Distance as a tool for surface definition

Dimitrios Tsoubelis (Department of Information Systems, The London School of Economics, London, UK)


ISSN: 0368-492X

Publication date: 1 April 1998


It is often impossible to study a geometric surface that lacks an analytic description. However, using computer graphics techniques it is now feasible to visualize such implicitly defined surfaces; hence initiate their study. A typical example of such surfaces is the ones defined as “the locus of points that satisfy a set of conditions”. These conditions are usually distance relationships between geometric entities such as a point, a line, a plane etc. For example, a paraboloid is defined as “the locus of points in 3‐D that are equi‐distant from a plane and a given point”. In this work, we present a way for modelling and visualizing implicit surfaces. We demonstrate our approach with the construction and subsequent visualization of generalized weighted Voronoi tessellation using as control points simple geometric objects.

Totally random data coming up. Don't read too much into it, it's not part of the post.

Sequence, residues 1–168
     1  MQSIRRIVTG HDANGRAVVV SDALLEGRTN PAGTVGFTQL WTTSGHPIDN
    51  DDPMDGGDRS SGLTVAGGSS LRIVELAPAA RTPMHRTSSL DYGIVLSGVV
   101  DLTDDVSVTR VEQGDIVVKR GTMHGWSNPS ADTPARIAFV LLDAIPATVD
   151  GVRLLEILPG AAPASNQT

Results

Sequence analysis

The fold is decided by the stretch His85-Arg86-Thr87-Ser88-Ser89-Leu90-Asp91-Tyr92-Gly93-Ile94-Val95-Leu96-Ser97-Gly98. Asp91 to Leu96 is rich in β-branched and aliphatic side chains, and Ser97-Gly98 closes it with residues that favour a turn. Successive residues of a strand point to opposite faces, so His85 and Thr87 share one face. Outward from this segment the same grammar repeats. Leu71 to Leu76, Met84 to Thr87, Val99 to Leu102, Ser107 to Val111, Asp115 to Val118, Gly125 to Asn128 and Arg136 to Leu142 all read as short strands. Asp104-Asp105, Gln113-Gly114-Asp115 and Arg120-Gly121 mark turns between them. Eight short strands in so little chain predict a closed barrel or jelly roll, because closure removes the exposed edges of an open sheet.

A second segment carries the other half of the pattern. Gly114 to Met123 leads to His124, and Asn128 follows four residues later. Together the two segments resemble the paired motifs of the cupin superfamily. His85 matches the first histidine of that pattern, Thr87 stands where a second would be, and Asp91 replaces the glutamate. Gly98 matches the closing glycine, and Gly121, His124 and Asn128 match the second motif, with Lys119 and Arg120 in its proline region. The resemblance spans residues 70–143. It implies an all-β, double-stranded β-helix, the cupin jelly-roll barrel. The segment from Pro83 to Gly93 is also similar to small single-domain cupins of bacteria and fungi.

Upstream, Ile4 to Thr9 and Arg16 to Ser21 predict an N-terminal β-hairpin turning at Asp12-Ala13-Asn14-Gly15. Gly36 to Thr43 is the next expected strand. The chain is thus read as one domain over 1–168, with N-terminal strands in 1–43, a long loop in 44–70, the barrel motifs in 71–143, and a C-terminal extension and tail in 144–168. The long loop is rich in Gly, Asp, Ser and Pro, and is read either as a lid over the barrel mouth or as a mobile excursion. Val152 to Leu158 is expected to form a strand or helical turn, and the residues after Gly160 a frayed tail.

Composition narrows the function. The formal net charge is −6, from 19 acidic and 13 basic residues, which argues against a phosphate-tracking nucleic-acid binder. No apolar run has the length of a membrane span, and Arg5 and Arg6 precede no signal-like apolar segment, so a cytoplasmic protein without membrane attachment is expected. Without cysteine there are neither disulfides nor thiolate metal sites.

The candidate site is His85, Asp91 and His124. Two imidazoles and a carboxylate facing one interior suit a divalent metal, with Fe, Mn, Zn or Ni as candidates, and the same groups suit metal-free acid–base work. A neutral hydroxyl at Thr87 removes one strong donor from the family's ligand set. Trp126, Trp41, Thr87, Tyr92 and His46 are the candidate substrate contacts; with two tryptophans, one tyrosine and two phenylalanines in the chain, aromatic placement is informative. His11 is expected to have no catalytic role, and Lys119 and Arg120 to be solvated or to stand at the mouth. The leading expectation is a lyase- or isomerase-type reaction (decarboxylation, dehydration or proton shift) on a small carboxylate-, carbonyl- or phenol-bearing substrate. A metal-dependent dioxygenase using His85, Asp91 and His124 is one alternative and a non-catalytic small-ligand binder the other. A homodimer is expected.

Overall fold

Tsoubelis, D. (1998), "Distance as a tool for surface definition", Kybernetes, Vol. 27 No. 3, pp. 273-282. https://doi.org/10.1108/03684929810209487

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Copyright © 1998, MCB UP Limited

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